“Move on!” a male’s voice booms, as visitors to Joe Howson's front yard are shuttled along a journey pierced by gunshots and marked by risk and rejection at all turns.
It's the sort of experience few would expect to find in the English countryside, on a plot hemmed in by sheep farms and the Forest of Bowland.
But that's why Mr. Howson created this eight-room space that takes people through a refugee’s experience so that they understand just what asylum seekers are fleeing back home, and what they are finding in Britain once they arrive.
And the exhibit couldn’t come at a better time here, as Europe faces its worst refugee crisis in decades, and Britain hears that their country is “full” because of record levels of immigration.
“I think there is a lot of unease at the moment in the UK around immigration,” says Howson, an educator who focuses on experiential projects to work against political polarization.
'U R not Welcome'
From the outside, Howson's exhibit looks like the kind that might appear on the carnival circuit. But it's built around the experiences of three real refugees: a teenage girl from Afghanistan whose family has escaped the threats of the Taliban; a Christian in Iran whose friends have been tortured for practicing their faith; and a Sudanese woman whose husband has gone missing and who faces mass rape if she stays at home.
As visitors walk through the rooms, they hear the refugees' stories, with voices and sound effects to bring them to life. Visitors are taken through being awoken in the middle of the night to head to the border, sitting in the back of a lorry, and inside a crammed fishing boat. A baby has died on the way. “Move on to the next station!” the narrator’s voice screams.
They head into the next room, set at Heathrow Airport. “Passports! Are you asylum seekers? Who brought you here?”
Once they arrive on British soil, they are pelted with Pepsi cans by youths. They pass walls that read in red spray paint, “U R not Welcome.”
The original exhibit was built a decade ago, amid an earlier wave of migration. Now Howson is recreating it and plans to incorporate Syrians' experiences fleeing their country's war. The new version will be portable, so that he can fold it up and take it to schools and public spaces across the country. City councils have sought his exhibit to prepare communities for the arrival of new refugee families.
At a glance, it seems absurd that Britain needs such lessons. Step into London, or other major cities, and the energy of multi-ethnic societies that share public space is palpable. Just this month, Britain celebrated its integration when Nadiya Hussain, a British Muslim of Bangladesh descent who wears a veil, won Britain’s “Great British Bake Off” with her “big fat British wedding cake."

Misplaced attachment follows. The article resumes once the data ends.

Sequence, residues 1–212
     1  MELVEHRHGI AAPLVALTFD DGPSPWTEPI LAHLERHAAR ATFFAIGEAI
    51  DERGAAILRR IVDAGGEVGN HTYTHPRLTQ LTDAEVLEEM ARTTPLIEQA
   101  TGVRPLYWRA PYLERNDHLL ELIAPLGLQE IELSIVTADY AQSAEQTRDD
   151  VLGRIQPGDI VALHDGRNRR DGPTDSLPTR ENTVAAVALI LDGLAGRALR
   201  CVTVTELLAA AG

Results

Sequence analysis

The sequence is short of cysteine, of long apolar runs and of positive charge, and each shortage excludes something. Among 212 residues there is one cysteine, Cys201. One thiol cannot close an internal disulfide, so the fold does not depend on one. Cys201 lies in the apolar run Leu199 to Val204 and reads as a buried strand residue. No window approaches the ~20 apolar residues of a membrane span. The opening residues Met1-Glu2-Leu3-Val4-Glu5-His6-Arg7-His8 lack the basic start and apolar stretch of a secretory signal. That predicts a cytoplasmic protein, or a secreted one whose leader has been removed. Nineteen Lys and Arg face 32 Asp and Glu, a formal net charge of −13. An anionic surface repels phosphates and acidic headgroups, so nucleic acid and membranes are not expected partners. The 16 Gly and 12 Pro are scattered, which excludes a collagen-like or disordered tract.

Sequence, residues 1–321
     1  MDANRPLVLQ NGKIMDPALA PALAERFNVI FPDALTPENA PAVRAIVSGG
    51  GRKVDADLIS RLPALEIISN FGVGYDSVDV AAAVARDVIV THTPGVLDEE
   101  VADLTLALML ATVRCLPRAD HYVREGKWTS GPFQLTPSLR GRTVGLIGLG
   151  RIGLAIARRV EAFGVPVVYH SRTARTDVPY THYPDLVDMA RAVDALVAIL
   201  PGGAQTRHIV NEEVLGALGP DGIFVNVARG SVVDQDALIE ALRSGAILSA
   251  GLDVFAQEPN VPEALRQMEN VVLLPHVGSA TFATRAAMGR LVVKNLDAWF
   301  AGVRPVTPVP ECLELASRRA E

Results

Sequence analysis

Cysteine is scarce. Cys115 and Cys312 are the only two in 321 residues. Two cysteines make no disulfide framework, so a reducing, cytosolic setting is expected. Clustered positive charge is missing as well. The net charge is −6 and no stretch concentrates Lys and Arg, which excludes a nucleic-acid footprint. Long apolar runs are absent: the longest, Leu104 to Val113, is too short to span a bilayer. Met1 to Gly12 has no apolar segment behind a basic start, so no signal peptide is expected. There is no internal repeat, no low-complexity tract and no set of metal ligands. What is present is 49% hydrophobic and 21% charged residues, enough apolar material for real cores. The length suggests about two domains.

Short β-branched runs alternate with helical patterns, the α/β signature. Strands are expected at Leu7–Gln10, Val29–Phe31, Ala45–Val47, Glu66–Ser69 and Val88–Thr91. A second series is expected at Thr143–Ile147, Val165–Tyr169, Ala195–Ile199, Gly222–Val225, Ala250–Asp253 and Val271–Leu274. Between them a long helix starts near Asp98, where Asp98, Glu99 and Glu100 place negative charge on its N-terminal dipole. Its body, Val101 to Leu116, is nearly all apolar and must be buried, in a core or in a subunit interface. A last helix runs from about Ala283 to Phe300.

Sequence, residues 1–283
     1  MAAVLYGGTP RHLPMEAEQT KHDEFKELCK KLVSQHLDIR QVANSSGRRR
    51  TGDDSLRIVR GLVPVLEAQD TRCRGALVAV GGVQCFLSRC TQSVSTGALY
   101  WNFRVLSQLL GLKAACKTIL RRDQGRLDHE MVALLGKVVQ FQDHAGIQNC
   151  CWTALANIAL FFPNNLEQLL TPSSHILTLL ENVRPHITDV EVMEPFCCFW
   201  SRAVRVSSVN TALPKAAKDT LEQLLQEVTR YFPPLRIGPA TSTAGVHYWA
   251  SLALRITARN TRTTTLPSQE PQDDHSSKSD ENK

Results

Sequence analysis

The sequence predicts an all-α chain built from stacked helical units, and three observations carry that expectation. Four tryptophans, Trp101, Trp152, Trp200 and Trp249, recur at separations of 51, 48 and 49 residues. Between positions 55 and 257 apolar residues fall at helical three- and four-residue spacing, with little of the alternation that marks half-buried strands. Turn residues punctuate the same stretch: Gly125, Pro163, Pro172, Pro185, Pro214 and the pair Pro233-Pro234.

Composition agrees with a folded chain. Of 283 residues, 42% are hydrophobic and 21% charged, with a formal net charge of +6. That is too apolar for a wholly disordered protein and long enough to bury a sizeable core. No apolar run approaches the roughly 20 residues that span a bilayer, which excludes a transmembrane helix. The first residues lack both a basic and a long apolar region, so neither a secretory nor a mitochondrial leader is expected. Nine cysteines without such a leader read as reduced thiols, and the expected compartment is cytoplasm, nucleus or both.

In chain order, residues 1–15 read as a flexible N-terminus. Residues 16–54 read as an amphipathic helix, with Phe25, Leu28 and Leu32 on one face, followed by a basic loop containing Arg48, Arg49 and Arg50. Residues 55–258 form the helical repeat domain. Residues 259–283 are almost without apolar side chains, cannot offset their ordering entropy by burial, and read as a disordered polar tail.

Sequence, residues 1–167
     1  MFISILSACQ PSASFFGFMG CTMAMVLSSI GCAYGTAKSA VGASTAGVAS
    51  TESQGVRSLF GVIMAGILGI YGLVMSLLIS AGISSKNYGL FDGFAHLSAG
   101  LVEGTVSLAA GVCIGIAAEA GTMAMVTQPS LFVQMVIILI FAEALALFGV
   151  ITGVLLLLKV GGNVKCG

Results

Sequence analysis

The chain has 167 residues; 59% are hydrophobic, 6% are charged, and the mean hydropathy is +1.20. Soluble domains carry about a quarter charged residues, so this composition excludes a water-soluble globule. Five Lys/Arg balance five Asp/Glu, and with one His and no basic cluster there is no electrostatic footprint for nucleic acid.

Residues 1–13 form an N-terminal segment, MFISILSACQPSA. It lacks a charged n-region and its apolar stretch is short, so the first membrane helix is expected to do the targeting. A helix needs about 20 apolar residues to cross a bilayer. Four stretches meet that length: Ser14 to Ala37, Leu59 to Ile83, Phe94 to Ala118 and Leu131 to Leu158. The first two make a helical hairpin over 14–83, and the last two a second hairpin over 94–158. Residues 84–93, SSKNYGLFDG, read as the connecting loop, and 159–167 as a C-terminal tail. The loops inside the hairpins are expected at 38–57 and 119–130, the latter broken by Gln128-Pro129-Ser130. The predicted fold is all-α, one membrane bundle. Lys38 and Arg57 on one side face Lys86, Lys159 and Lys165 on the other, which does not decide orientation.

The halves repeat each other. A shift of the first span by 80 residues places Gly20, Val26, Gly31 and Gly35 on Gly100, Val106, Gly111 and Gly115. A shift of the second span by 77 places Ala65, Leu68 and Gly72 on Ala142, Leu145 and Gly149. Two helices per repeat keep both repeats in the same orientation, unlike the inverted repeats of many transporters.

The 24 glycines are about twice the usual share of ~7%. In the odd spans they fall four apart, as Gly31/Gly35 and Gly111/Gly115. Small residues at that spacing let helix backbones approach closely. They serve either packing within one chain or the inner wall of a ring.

“She is showing that Britain is all about other countries,” says Aziz Natha, a fellow Briton of Indian descent. He lives in Blackburn, a multiethnic city typical of the old mill towns in Lancashire, not far from Howson’s front yard.
But that’s not the message resonating in the political realm. Earlier this month, Home Secretary Theresa May told the ruling Conservative Party's annual conference in Manchester that it “does not need” net migration at current levels. She said the country wouldn’t adhere to a common EU immigration and asylum policy. “Not in a thousand years,” she emphasized.
Net immigration has steadily increased here over the past five decades, making diversity an afterthought in many places. Last year, it reached a record of 330,000. And as immigration has grown, so have concerns that poorer EU citizens, like Romanians and Poles, are moving to Britain for social benefits. That has boosted support of the anti-immigrant, anti-EU UK Independence Party, which in turn has set the mainstream conservative agenda.
The refugee crisis has polarized the debate further, as more migrants cross through Europe than at any other time since World War II. And worries about the newcomers are seeded with fears of homegrown terrorism by the so-called Islamic State.
Empathy and integration
Many British feel the country has a longstanding responsibility to take Syrian refugees in. They argue Britain can accommodate more than the 20,000 that Prime Minister David Cameron has agreed to give refuge. But others say the country can’t comfortably house many more.
Because most of the newcomers are Muslims, the refugee crisis has renewed anxieties about integration in British society, says Sundas Ali, a lecturer in politics and sociology at the University of Oxford. While Britain loves a success story, she says – referring to Ms. Hussain, who beguiled Britain with her love of bunting – there is also the side that worries about social cohesion. “It’s not just [society's] anxieties about economic burden but about how to integrate them,” she says.
Howson says that levels of acceptance are generally higher today than they were when his original exhibit, on display today, was first traveling around the country. But the new one that he's constructing in his back yard is still very much in demand.
When Howson updates the stories, he doesn’t want to erase these old ones. A lesson in itself, he says, is how the same experiences seems to repeat themselves today. And he feels that trying to get others to grasp that is the way to turn the situation around. “You have to start with empathy, because otherwise it just becomes an argument.”